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banish the balcony blues big plans for small gardens by Sarah Goldstein | 1 2 3 4 5 6
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where to put your garden
You might be lucky enough to have a backyard just waiting to be tidied up, or you might not. No matter how much space you have, a little bit of exterior decorating can give your place a big lift. Here are a few ideas on carving out some gardening space for yourself…

If you've got a backyard, you have lots of space to try different ideas. Lucky you! There are also plenty of sources of ideas: in books, magazines and gardening web sites, a big backyard is considered the norm. The challenge is to work your ideas in with what's already there -- the trees, shrubs, lawn, paving or whatever else in your yard that your landlord might not want removed. While these might be pretty uninspiring, established plants make a garden look much more 'finished', so incorporating them into your plans will make for a better garden. And don't forget that a forlorn-looking plant will often turn into something more impressive with a little bit of TLC. Water it, fertilise it, weed around it, and treat it if it has bugs or fungus; then see what happens.

The other thing to remember when you have a big yard is to break your gardening down into steps that you can manage. Don't try to do a whole makeover in a weekend; pick one project at a time instead. Work on the flowerbeds out the front for a bit, then put a herb garden by the kitchen, then add a tyre swing to the tree out the back. Just give yourself time!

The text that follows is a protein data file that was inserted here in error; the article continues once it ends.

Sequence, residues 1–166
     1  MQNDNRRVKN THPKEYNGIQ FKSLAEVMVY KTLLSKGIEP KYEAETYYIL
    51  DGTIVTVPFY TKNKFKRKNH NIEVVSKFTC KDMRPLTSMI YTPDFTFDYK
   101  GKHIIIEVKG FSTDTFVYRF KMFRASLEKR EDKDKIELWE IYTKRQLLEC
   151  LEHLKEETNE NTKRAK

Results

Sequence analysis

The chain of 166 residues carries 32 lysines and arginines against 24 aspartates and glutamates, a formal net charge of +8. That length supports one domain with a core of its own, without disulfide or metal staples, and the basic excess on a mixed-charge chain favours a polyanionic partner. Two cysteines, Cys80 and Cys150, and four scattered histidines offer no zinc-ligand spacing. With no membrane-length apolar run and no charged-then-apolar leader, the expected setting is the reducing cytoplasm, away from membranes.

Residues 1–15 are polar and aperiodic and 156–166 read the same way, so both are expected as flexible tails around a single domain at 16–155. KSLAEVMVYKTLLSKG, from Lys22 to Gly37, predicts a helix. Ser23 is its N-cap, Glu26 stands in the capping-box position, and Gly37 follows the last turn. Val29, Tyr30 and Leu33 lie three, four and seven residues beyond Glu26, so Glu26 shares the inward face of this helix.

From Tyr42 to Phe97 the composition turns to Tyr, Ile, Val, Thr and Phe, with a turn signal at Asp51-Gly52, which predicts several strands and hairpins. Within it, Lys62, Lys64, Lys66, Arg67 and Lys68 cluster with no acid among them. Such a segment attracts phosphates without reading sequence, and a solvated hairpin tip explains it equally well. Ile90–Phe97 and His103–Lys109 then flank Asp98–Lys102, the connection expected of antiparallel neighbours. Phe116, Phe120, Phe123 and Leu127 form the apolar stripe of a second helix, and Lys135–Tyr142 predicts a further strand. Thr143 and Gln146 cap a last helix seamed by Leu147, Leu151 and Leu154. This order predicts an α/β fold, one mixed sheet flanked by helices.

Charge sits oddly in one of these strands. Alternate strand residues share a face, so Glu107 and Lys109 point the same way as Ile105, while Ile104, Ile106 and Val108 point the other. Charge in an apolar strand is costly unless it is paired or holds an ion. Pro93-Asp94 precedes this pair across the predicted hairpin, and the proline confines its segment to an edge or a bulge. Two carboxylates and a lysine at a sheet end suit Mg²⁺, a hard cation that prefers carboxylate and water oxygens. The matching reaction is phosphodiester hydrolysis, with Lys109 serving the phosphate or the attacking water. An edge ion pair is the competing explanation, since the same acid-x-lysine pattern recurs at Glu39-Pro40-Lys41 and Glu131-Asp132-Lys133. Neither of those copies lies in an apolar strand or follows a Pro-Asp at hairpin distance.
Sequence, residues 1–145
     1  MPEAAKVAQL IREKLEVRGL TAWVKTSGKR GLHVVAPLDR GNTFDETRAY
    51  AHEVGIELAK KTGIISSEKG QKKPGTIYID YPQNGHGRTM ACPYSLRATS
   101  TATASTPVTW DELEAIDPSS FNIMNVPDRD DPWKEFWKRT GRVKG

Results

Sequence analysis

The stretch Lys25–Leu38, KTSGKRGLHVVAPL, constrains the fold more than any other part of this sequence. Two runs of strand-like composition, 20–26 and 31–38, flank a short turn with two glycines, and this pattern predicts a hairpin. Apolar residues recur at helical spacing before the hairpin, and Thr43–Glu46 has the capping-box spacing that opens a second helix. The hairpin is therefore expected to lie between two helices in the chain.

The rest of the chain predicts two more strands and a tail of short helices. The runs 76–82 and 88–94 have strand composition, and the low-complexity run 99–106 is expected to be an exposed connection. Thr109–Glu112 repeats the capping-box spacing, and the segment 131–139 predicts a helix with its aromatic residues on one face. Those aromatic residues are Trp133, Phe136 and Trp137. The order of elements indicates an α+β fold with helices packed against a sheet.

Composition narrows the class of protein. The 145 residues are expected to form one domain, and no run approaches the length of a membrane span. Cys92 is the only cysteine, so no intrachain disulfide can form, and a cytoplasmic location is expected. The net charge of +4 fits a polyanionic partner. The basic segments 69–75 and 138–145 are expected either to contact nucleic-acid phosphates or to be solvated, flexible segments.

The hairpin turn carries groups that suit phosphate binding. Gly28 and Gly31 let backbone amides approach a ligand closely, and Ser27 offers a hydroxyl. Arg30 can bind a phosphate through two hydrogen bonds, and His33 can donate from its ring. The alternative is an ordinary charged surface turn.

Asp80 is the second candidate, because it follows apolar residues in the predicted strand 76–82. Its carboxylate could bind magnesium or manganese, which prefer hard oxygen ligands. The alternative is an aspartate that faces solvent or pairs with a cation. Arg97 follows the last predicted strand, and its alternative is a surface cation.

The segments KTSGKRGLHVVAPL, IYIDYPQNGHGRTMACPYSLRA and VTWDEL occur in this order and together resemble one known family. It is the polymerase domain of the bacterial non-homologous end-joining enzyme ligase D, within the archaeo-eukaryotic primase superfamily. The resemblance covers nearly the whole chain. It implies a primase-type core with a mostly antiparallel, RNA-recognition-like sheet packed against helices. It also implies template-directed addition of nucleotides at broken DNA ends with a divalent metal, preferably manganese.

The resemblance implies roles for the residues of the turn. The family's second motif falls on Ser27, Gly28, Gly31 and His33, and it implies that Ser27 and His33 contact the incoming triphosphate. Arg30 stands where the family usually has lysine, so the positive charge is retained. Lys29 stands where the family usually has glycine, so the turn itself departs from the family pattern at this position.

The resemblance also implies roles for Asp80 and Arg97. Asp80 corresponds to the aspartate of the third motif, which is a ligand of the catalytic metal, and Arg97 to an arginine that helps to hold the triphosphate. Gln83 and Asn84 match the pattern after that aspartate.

And a tip if you plan to take your hard work with you when you move: keep your plants in pots. Potted plants work surprisingly well sitting in garden beds or on the edge of paving or lawns, and they're easy to pack up when the time comes.

If you have a courtyard or just a tiny backyard, your possibilities are a lot more limited. The 'small space' ideas that you see in books and magazines are often highly coordinated and expensive; they just don't translate well to low-budget DIY. Almost any garden style can be adapted to a small space though -- you just need to be creative.

If you want a lush garden but have two tiny garden beds amongst pavers, add dozens of potted plants to fill in the gaps. Also, don't forget about the trimmings -- extra touches like garden furniture, wind chimes, small water features, rocks and ornaments. A wind chime, a water feature and a comfy chair are the difference between a few ho-hum plants and a quiet meditation space. And you can't have outdoor dining without a table and chairs!

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